Do not swear that you have lived together constantly from the beginning of your relationship onward if there have been times when the two of you have spent time living apart. Instead, describe only the times when the two of you were genuinely residing in the same location as one another. If you are still living together at the time that the form is being filled out, don’t indicate an end date for your partnership; rather, use the phrase “TO PRESENT.”

4. Conduct a thorough review of the previous addresses that you have provided for both the sponsor and the major applicant.

The address history of the sponsor for the last five years is required on one of the application forms (IMM 5532), and the address history of the sponsored partner for the previous ten years is required on another application form (IMM 5669). Make sure that the addresses that you enter on these papers are correct and that they accurately reflect the fact that the two of you have lived at the same place for the necessary amount of time.

5. Include an application for a work permit that is still open.

If you want to begin or continue working in Canada and you are applying for an inland sponsorship, you are required to submit an application for an open work permit along with your sponsorship package. This is a requirement of the Canadian government. You won’t be able to stay in Canada or find a job if you just submit an application for sponsorship there. You are required to submit this second application in addition to the payments linked with it.

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What are the consequences of making an error on my application for sponsorship as a common-law partner?

The optimal course of action is to always send an application that has been completed to IRCC so that it can be processed. If this is your first time working with an application of this kind, you may find that doing this task is challenging, if not impossible. It is possible that IRCC will either return your common-law sponsorship application or refuse to process it altogether depending on the type of error that was made. If your partner’s immigration case is returned, they will likely lose their eligibility to work in Canada while they wait for their Permanent Resident status to be processed.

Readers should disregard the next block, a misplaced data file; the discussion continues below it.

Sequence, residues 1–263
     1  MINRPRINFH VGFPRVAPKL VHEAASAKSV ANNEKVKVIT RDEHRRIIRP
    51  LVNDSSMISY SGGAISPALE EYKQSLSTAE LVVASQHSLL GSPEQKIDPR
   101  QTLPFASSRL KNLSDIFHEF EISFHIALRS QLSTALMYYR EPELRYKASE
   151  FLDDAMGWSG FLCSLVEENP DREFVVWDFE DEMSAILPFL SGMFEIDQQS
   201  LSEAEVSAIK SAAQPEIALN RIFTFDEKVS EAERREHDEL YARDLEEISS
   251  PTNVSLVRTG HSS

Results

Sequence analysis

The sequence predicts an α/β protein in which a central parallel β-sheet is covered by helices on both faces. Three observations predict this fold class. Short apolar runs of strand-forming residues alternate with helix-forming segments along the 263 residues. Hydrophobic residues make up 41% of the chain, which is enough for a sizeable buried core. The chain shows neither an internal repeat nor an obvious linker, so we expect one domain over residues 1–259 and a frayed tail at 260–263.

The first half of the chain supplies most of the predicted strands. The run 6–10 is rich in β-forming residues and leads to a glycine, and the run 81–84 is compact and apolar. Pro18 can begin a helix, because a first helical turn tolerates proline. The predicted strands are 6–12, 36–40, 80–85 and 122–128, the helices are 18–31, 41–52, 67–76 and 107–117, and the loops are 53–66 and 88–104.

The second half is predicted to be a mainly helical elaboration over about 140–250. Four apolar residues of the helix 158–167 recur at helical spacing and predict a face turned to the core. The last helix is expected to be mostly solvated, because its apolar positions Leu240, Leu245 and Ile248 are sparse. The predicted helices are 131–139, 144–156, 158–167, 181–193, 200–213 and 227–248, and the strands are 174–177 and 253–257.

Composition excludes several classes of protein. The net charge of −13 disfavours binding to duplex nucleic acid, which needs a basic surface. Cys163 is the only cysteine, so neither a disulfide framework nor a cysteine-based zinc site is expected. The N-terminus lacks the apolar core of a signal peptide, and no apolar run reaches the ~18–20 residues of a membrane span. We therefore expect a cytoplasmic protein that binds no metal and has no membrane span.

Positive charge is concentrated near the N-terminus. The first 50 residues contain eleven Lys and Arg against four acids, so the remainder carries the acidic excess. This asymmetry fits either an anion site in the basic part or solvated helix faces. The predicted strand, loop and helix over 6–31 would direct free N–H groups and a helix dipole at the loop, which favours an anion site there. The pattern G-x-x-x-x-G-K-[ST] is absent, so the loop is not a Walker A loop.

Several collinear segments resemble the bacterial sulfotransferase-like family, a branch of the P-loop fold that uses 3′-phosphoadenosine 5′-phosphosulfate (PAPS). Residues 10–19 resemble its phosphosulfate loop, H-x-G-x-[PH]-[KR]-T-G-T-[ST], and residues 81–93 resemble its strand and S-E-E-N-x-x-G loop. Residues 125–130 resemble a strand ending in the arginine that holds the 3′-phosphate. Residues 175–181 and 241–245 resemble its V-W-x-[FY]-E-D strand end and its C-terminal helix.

If your sponsorship for your common-law partner is denied, you will either have to reapply for it and risk losing all of the costs you paid for the first application, or you will need to spend several thousand dollars appealing the decision, which means you will have to start the process all over again. If your application was denied the first time around, it may be harder to get approval for it in the future.

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This is especially true in certain circumstances. Any one of these outcomes will result in a loss of tens of thousands of dollars and several years of your life. If you are unsure as to whether or not your application is flawless, you should refrain from sending it in because it will not be worth your time.